London 2012 Olympics the goal for GB as Luol Deng
returns in EuroBasket qualifiers

Luol Deng, having been prevented from appearing in the warm-up matches by an insurance dispute with the NBA and the Chicago Bulls, finally reappears for Great Britain tonight as they kick off their qualifying campaign for the 2011 European Championships against Hungary in Szolnok.

Luol Deng will return for Great Britain's basketball team against Hungary in the Eurobasket qualifiers that will determine whether the team plays at

Deng, who averaged nearly 18 points and six rebounds a game for the Bulls last season, last appeared for Great Britain during their successful EuroBasket 2009 qualifying campaign but was forced to miss the finals in Poland with a stress fracture of the leg.

His reassuring presence is timely because Great Britain face a tricky qualifying tournament, playing eight matches in the next three weeks with home and away fixtures against Hungary, Ukraine, Bosnia & Herzegovina and Macedonia.

GB go into the tournament without the injured or resting trio of Joel Freeland, Rob Archibald and Andrew Betts who have been outstanding in recent seasons while the debut of the Detroit Pistons' Ben Gordon has been delayed again after he failed to recover from ankle surgery.

On a more positive note Pops Mensah-Bonsu has been able to attend the training camp and warm-up matches and a clutch of Britain's most promising talents - Matthew Bryan-Amaning, Ashley Hamilton, Justin Robinson, Dan Clark and Ogo Adegboye - are about to get an extended campaign to prove their worth.

"We still have a strong squad and it's the best opportunity some of the young players will ever have to step up and become part of that Olympic dream," said coach Chris Finch. "We have nucleus of players who have been on the programme for the last three years or so and the new talent coming in can provide fresh impetus. They played with a lot of excitement in our warm-up games.

"If we had everybody available I would say we would be strong favourites to qualify automatically - certainly we would be the scalp others would looking for - but it's probably a bit more even now. We have got a big job to do but I am enjoying the way things are coming together."

"I'm not the slightest bit worried by the interesting road trips we have. We have lived on the road for the last three years, it's part of what we are and we have produced some very good performances and results under pressure in hostile arenas. I see that as a positive."

For every other team sport at the London 2012 Olympics Great Britain have been granted an automatic right to field a side but basketball's world governing body FIBA are making life as difficult as possible for the new kids on the block.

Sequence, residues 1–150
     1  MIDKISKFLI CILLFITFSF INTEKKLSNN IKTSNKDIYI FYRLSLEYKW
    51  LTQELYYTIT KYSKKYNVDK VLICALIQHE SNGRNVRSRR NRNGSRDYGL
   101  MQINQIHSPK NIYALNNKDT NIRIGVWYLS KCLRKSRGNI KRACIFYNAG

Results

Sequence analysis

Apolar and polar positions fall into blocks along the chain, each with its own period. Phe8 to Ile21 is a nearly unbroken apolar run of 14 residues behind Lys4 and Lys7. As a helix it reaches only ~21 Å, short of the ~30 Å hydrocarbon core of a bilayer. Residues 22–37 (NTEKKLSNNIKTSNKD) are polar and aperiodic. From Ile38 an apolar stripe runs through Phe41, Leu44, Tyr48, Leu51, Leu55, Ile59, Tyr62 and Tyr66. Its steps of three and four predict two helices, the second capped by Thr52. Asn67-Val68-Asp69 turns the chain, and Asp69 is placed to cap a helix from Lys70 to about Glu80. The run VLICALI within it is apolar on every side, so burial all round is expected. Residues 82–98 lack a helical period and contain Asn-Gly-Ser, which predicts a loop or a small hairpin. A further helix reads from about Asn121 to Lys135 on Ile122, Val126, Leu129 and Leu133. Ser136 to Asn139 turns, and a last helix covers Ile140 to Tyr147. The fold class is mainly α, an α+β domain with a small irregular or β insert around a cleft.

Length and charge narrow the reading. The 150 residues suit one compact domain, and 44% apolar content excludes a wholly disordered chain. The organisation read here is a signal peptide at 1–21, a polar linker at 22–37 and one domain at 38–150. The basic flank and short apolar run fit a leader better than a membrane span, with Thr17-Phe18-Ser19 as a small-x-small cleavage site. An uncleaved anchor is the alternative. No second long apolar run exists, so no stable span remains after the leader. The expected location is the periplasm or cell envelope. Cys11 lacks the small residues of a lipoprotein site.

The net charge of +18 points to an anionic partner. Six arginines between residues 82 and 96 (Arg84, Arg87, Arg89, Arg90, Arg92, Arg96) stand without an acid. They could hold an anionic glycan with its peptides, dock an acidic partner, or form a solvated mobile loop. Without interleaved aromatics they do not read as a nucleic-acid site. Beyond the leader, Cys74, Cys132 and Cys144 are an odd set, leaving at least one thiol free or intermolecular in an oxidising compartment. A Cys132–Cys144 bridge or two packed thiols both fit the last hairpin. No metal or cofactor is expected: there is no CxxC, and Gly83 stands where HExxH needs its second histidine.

In fairness there are probably 15-20 teams who fancy they might just have a shout at a medal in the 12-team Olympic tournament so a place in the competition is highly prized and not given away lightly.

FIBA have already moved the goalposts once, however, going back on a previous assurance that reaching last year's European Championship Finals in Poland would be deemed sufficient evidence of Great Britain's "competiveness". There, weakened by injury, they lost all three games in a 'Group of Death' but did lead world champions and subsequent European champions Spain with less than three minutes to go. GB were nothing if not competitive.

"We need to know that the basketball family in the UK has a clear view of where it wants to go when the Games are finished," said FIBA secretary Patrick Baumann recently. "How is the game going to be structured? What are they going to be doing over the next four to eight years to make themselves competitive with other nations? If these things come together, there's no reason why GB should not be at the Olympic Games."

Which all seems a bit beyond FIBA's brief. This is the Olympics, not the world championships which is their fiefdom. And the last time the Olympics was held in a non Basketball nation - South Korea in 1988 - the hosts were included from the off and aquitted themselves with honour in both the men's and women's competitions.

Finch is well aware of the bigger picture. "We have got three plans running concurrently. There is the 2010 plan - qualify for the European Championships and secure Olympic inclusion. There is 2012 itself and our target of a quarter-final place and then there is 2016 and beyound when we want Great Britain to be genuine medal contenders in all major competitions."

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Great Britain Eurobasket 2011 qualification fixtures

Aug 2: Hungary v GB (Szolnok)
Aug 8: GB v Macedonia (Northumbria University, Newcastle)
Aug 11: Bosnia-Herzegovina v GB (Novi Grad)
Aug 14: GB v Ukraine (Birmingham NIA)
Aug 17: GB v Hungary (Birmingham NIA)
Aug 23: Macedonia v GB (Skopje)
Aug 26: GB v Bosnia-Herzegovina (Liverpool Echo Arena)
Aug 29: Ukraine v GB (Dnipropetrovsk)